What Rough Beast
by Tracy Fahey
It’s flat. I touch the tyre with a cold, wet finger and squint through the snowflakes. Definitely flat. Thick flurries of white whirl in the headlights. For the last few miles I’ve been driving off-grid through the half-remembered criss-cross roads of my childhood. Inside, the satnav screen glows, showing a tiny car marooned on a stretch of unnamed white ground. I depress the lever and the boot pops open with a sharp ping. I push the shopping bags to one side, and pull out the emergency tyre. My mouth opens in a silent swear. It’s soft. I hold it to my ear and hear the steady, malicious hiss of a slow puncture.
I need to get home. I stand, snow carpeting my shoulders, flecking my face. My phone was the first thing I checked, but no. No signal. I’m hungry. I’m tired. And somewhere at the back of my mind, an insistent refrain – Did I take my medication?
The snow ebbs, halts mid-flurry. That’s when I see it, a constellation of lights ahead, red and white. My breath releases in a grateful ssshh. Lights. A house. A phone. I weigh it up. Stay in the car with no phone coverage. Walk the short distance to the lights. No contest. I need to get home.
My feet crunch the powder-light snow into hard prints. I switch on the torch app on my phone and let the wavering beam find the road. My hand smarts, cold and tingling. I screw my eyes up against the swirling whiteness and focus on the blinking lights ahead. Lights. A house. A phone. And if I’m lucky, I’ll have a steaming mahogany tea in my hand as the AA car rumbles into view, headlights spilling bright in the snowstorm. I think of chilled fingers curled around a painfully hot mug, and I stumble faster, phone beam spinning the snowflakes in a dervish whirl.
It can’t be much further. It can’t. My heart races. I need to get home. The lights are nearer now. I trip against a stone, figures loom large and dark in front of me. My heart hammers. No house. It’s the old roadside grotto, half-remembered from childhood. Larger than life-size carvings of Mary and Joseph bookend it, a manger full of snow glows red under the lights. I stand close to Joseph for shelter, the worn planes of his face in sharp silhouette, his scarred wooden hands filled with mistletoe. I remember him from endless car journeys as a child, long days waiting for the miracle of Christmas when the baby would miraculously appear in the manger. The snow beats down, harder now. What do I do? I need to get home, I think, but the thought itself feels woolly, blurred. Snowflakes crust my eyelashes. Mary stands opposite me, dark and grave, the traditional holly twined around her head; a crown of thorns.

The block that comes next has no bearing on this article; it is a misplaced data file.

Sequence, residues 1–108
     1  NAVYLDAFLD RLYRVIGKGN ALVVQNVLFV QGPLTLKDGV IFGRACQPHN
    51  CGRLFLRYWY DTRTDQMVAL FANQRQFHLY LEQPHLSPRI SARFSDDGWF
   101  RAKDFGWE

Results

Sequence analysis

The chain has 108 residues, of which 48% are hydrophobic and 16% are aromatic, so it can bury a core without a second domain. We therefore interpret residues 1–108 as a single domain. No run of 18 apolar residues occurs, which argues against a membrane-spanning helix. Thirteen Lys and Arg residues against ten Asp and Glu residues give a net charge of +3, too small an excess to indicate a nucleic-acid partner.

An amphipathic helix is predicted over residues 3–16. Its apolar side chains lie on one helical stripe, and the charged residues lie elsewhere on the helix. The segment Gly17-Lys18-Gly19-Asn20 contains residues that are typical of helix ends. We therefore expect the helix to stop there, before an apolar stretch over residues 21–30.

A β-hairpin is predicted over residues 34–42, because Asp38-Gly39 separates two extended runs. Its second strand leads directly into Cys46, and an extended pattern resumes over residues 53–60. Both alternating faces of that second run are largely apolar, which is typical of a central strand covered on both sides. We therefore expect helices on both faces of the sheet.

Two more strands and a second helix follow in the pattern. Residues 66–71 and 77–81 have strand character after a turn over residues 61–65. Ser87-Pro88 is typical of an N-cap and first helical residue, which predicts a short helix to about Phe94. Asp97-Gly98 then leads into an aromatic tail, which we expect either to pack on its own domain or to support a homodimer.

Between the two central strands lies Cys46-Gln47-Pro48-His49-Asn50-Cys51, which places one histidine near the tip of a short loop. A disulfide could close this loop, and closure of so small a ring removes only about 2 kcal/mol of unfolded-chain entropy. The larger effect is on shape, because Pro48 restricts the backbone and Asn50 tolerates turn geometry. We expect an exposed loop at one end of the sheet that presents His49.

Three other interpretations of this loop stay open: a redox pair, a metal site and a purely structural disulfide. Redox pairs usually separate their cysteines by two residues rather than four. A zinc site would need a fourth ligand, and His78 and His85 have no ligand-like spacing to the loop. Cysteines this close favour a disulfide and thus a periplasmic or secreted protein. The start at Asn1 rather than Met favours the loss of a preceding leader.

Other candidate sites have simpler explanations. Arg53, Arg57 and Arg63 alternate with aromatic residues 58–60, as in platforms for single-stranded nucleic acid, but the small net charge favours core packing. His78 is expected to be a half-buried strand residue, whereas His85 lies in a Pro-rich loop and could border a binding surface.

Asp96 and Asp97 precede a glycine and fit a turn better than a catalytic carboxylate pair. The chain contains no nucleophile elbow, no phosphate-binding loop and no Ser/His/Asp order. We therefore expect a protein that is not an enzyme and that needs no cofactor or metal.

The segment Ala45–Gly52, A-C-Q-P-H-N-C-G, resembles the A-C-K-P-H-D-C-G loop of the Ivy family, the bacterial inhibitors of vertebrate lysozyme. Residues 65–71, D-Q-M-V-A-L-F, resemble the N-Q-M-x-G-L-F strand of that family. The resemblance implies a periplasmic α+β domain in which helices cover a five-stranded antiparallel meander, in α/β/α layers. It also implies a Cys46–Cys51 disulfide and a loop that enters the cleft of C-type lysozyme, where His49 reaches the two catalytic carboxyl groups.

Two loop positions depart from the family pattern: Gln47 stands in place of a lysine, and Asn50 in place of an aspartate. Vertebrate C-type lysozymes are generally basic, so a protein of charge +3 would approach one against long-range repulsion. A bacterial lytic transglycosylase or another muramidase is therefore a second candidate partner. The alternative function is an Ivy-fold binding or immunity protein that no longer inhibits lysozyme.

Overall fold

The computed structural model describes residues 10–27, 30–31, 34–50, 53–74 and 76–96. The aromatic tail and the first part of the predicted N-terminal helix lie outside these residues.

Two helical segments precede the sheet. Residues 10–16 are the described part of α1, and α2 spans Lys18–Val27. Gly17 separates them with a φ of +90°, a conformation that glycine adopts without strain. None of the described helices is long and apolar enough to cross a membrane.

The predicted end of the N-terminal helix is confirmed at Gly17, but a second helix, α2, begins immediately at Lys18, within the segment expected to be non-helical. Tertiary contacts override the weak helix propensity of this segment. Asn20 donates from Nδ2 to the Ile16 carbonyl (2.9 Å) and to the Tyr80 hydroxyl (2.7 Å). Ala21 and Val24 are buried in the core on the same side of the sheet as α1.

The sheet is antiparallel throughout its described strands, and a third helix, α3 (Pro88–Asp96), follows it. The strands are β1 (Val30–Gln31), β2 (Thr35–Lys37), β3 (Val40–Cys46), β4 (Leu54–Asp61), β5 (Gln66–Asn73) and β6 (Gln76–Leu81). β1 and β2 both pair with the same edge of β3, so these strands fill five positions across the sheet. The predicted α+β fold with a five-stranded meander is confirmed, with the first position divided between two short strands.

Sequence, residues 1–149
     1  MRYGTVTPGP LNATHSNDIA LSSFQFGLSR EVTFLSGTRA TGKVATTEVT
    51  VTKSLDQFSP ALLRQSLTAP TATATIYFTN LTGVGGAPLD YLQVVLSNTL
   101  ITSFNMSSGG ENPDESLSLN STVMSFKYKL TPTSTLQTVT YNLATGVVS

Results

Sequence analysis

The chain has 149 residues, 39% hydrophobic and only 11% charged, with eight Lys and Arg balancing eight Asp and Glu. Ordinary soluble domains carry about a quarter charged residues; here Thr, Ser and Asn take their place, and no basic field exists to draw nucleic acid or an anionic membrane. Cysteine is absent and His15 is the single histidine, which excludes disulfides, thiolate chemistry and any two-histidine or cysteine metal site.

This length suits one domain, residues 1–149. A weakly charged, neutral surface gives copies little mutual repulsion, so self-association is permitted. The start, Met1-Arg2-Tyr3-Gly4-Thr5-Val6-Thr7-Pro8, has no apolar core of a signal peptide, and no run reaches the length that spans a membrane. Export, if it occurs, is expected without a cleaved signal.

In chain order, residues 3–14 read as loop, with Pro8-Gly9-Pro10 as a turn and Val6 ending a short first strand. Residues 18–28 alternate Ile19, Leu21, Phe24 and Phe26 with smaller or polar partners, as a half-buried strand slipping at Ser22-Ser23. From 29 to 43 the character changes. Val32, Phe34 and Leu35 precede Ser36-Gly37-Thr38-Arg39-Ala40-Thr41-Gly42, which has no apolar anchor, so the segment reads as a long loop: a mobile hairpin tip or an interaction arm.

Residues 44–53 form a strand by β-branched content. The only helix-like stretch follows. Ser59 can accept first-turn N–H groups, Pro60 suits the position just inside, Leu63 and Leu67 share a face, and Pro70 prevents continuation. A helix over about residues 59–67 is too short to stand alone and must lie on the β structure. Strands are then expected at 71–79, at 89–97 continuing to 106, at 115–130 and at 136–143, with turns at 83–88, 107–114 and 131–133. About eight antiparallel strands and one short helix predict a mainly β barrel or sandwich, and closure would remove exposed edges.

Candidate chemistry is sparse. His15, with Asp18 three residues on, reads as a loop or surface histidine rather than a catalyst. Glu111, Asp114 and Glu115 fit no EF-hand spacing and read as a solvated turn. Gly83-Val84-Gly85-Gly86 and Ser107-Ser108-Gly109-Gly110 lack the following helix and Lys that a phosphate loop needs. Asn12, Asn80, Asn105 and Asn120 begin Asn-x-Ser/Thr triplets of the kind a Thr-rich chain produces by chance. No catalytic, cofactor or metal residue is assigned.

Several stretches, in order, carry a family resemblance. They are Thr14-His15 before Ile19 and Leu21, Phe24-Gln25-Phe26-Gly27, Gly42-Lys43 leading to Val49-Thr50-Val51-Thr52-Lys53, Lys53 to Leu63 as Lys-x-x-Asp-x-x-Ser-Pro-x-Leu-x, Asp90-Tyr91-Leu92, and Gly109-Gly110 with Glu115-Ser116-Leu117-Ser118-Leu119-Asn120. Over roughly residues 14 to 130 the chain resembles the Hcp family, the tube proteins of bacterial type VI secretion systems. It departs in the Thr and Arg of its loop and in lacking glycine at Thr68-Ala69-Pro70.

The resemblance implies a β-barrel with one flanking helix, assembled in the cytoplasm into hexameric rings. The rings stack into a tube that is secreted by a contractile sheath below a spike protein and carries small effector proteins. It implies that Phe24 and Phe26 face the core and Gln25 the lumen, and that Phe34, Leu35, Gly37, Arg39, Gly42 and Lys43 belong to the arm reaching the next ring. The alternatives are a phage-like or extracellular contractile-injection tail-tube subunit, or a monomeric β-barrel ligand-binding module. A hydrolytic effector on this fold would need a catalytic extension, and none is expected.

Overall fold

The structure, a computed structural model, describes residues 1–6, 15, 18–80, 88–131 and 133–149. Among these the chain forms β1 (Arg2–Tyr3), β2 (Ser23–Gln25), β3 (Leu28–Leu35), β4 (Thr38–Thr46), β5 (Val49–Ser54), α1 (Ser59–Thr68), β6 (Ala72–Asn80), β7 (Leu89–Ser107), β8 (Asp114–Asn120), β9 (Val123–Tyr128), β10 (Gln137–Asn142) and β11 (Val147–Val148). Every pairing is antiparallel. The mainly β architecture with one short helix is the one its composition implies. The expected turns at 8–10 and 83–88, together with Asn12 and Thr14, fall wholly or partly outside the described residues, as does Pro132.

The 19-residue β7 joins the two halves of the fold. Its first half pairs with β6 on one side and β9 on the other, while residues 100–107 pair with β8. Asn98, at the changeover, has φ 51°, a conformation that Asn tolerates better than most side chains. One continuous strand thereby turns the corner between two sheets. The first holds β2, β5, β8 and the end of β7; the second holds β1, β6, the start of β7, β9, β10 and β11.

I’m confused. Did I take my medication? I see the foil pack, days of the week lettered neatly underneath each blister.
Something strange. The manger isn’t empty. I push the snow aside with one frozen hand. There’s the tiny, stiff body of a robin underneath. I touch it gently, a wave of tears warm behind my eyes. Poor little thing. I cradle it in my palms. So small and so dead.
There’s a movement at the very edge of my vision. Mary’s holly wreath lies on the ground, berries crimson-vivid against the snow. I cup my fingers around the robin, snow freckling my face and eyes. In the distance I see the hazard flashers on my car blink red and urgent.
It can’t be. Beneath my numb fingers, a tickle, a pulse, a wriggle. There’s a sharp pain, a peck. I part my hands and the robin thrums shockingly to life, flying hard and fast and strong, straight up and away. A bead of blood blooms on my thumb.
I reach out to lean on Joseph, but stumble forward. He’s moved. His face has turned to mine, the red lights overhead throwing his harsh face into stark relief. I need to get home. For an instant I have an image of our old house, now still and frozen and empty in the bleak landscape.
It’s cold. So cold. The hazard lights still blink, a few hundred yards away, a lifetime away. I am blurred, untethered.
I know now.
I know I forgot to take my medication.
My vision fades at the edges. I look at Mary. Her chipped wooden hand points to the manger. As I look at it, it blurs, darkens. There’s a shape growing inside it; large and black and dense.
I need to get home.
The shape is growing now, bigger, blacker.
I need to get home, but I can’t remember why.
And as I look deep into the dark mass, a mouth opens. Huge and wet and red as blood.